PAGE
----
February 2002 News

India gives US-bound Pervez a wake-up call

11 February 2002
JYOTI MALHOTRA
Indian Express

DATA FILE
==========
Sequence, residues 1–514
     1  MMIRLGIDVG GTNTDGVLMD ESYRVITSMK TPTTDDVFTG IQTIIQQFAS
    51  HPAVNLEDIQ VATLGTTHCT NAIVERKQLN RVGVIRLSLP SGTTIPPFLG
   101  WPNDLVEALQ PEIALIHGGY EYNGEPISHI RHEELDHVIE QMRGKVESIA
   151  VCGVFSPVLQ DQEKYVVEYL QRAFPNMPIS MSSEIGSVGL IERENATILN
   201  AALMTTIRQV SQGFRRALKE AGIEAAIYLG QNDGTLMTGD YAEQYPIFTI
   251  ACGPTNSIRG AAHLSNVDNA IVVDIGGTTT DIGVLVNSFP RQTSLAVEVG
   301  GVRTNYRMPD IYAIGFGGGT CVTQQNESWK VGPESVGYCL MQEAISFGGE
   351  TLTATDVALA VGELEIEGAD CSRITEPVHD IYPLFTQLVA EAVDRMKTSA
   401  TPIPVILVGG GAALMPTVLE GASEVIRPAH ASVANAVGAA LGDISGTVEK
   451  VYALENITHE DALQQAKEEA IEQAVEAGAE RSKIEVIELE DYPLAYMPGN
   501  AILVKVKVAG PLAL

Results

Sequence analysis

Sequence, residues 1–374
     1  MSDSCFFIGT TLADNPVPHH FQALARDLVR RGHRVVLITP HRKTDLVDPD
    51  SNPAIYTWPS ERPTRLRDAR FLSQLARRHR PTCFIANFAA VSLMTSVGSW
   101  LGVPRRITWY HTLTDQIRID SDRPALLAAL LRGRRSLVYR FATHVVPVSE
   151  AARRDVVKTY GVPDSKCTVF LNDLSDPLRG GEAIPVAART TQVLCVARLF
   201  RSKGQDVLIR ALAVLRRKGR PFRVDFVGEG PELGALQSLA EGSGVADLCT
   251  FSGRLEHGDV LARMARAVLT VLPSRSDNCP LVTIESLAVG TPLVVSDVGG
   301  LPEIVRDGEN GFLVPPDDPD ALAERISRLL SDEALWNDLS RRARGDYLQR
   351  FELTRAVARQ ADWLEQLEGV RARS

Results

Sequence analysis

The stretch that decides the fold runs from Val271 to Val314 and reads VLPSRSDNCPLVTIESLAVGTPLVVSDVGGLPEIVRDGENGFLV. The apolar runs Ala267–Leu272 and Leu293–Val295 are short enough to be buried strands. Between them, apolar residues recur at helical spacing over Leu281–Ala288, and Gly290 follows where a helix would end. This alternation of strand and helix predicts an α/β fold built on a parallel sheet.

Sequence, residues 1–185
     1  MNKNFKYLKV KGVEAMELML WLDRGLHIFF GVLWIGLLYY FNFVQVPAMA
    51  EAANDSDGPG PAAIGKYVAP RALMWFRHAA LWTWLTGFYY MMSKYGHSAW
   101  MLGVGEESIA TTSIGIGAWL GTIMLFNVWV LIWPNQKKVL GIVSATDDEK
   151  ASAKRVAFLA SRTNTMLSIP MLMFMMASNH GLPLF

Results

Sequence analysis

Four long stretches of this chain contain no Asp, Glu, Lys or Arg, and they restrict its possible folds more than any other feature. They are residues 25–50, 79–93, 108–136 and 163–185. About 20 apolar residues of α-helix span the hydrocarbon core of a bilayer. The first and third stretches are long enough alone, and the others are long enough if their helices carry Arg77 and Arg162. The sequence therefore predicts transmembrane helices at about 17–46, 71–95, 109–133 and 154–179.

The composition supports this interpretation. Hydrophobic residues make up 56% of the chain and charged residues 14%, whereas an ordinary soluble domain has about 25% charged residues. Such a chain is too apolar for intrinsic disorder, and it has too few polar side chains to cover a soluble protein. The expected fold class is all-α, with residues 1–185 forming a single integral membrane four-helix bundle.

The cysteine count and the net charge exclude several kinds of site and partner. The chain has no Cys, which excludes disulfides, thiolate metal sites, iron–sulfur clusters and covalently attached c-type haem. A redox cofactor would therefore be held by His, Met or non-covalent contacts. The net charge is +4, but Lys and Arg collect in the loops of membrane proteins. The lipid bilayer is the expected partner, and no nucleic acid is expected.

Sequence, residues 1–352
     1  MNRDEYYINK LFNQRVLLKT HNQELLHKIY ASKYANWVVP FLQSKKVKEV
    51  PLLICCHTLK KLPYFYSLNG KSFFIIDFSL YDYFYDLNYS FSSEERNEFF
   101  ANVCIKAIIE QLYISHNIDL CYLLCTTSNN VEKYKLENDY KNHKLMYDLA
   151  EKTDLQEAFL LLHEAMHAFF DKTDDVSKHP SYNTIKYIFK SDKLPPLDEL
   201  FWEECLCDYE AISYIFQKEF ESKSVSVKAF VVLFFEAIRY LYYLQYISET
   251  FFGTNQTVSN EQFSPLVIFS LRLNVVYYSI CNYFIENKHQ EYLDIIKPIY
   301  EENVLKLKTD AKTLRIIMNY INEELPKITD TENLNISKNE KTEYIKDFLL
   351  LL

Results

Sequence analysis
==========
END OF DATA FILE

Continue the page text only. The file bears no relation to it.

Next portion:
New Delhi: ON the eve of General Pervez Musharraf’s meeting with President George Bush in Washington on Wednesday, India today stepped up pressure on Islamabad. It formally asked Pakistan to take a leaf out of the UAE book and hand over the criminals on its most wanted list to New Delhi. Even as the Ministry of External Affairs continued to laud Abu Dhabi’s act of deporting Aftab Ansari to India, joint secretary Arun Singh in the MEA summoned Pakistan’s deputy high commissioner Jaleel Gilani and issued him a verbal demarche, demanding that Islamabad take action on the Indian list of criminals residing in Pakistan. New Delhi’s hand was strengthened in Mumbai with US deputy treasury secretary Kenneth Dam rejecting any link between the Indian government and the kidnapping of Wall Street Journal reporter Daniel Pearl, as alleged by Musharraf a few days ago. In fact, US media reports say that US officials are annoyed over such reckless charges being made by Pakistan which could lead to an escalation in the tension between the two countries. ‘‘We do not believe that the Indian government is involved in the kidnapping...I am surprised. It could be possible that some terrorist from India may have contacted others on Pakistani soil,’’ said Dam. Today’s demarche to Gilani is the third since December 31, when New Delhi first issued its most wanted list of terrorists and criminals and demanded that Islamabad take action. On January 18, the government provided additional information on the list. New Delhi, which has linked the revocation of its diplomatic measures against Pakistan — reopening the air, road and rail links and the return of the Indian high commissioner to Pakistan — with action on the Indian list of 20 criminals, now hopes that President Bush will increase the pressure on Musharraf during his meeting with the general. Washington has already told New Delhi that it has requested Islamabad to end infiltration across the Line of Control into India, and that, indeed, Musharraf had sent such an order within a week of his January 12 address to his nation. With the ‘‘comfort level’’ between New Delhi and Washington having reached considerable proportions, Indian agencies investigating Aftab Ansari and his Pakistani links are said to be in direct contact with their US counterparts. Clearly, Washington has played a key, if indirect role in persuading the UAE authorities to hand over terrorist suspects to their country of origin, sources here said. Not only was FBI director Robert Muller in Dubai on his way out of India, but the co-chairperson of the Indo-US joint working group on counter-terrorism, Francis Taylor, flew into New Delhi in the third week of January, via Dubai. But the officials also insisted that it was the UAE, one of only three countries to recognise the Taliban before September 11, which had to be lauded for its decision to deport Ansari to India. MEA spokesperson Nirupama Rao, recording the UAE’s contribution, pointed out that Abu Dhabi had chosen to disregard the lengthy process of extradition. Moreover, she added, international law did not allow even ‘‘safe haven for terrorism’’, so if Pakistan was sincere, it must hand over the persons wanted by India.

 

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